As I imagine many other journalists have done, I’ve watched the national attack on the news media with interest.

What journalists decide to cover on any given day is fascinating to me. And what captures the interest of the public is fascinating as well. In the Era newsroom, we often joke that a story we think will generate a flurry of calls and comments will go over with nary a peep, while something that strikes us as innocuous can be more inflammatory than we ever imagined.

Such as the case, I imagine, with the First Lady’s footwear.

The former model Melania Trump has become known for her love of stilettos, which she was wearing as she made her way from the White House to Marine One for a flight to hurricane-devastated Texas.

She got off the plane in Texas wearing sneakers.

People are losing their minds at her stilettos, some likening her choice of footwear to the legendary (and likely false) quote of Marie Antoinette regarding starving French peasants: “Let them eat cake.”

Is this really what is important in the world right now?


In May 2009, former First Lady Michelle Obama wore $540 designer sneakers to a food bank. The night Hurricane Sandy hit, she chose to campaign for her husband’s re-election campaign.

Yet those decisions weren’t making headlines.

Are people looking for ways to be offended? There’s plenty that Donald Trump does and says to be irate about. In the grand scheme of things, bickering over his wife’s shoes seems petty.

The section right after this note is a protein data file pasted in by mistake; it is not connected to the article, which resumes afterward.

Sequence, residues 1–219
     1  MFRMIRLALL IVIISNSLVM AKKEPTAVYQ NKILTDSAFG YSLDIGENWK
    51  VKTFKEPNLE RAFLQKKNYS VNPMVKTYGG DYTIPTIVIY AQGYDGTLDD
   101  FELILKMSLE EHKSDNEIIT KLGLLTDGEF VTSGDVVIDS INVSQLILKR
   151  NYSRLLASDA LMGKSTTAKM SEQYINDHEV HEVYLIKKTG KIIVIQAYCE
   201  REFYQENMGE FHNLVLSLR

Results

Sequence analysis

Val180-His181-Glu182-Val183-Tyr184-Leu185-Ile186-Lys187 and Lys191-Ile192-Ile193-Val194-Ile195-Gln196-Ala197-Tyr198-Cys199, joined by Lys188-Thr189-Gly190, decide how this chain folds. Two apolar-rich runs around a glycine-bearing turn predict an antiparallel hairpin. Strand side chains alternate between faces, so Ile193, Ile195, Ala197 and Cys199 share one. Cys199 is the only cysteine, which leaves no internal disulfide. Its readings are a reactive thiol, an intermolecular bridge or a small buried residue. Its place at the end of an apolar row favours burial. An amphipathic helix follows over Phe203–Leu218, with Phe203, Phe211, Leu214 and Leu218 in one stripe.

Americans are suffering under the devastation of this hurricane. People have lost their lives, their homes, their livelihoods.

By all means, though, let’s turn the focus to shoes.

The sneakers I have on right now are pretty scuffed, a little dirty and there is a tear in the sole. I obviously can’t be trusted to write a story with such horrifying footwear cluttering my person.

I’m looking around the room right now at fellow reporters — Alex Davis has on scuffed and torn sneakers, but I’m pleased to tell you Ruth Bogdan has on a nice pair of sensible flats — dressy and comfortable.

I’ll have to make sure she writes a lot.

Our production manager, Linda Cardamone, and ad manager, Jill Henry, always have on fancy and elegant (at least to me) dress shoes, sometimes stilettos. Must be we can’t trust them either.

I’m sure many will be reading this and saying, “How can she not understand that Melania’s shoes are an important sign of the Trumps’ privilege and separation from common people?”

I see their point, and I completely disagree.

They are shoes. Lots of people wear them. Some people spend a lot of money on them. Others wear what’s comfortable.

I simply think there’s a lot more in the world to be concerned about — healthcare, the economy, the nut in North Korea, the ramping up of fighting in Afghanistan again.

But as I sit back in my office, perhaps I will take off my horrible sneakers and walk around in my stocking feet — I’m wearing Mickey Mouse socks today.

Wonder what that means in the grand scheme of things.

(Schellhammer is the Era’s associate editor, and is known for wearing colorful and eclectic socks and not caring about her shoes. She can be reached at

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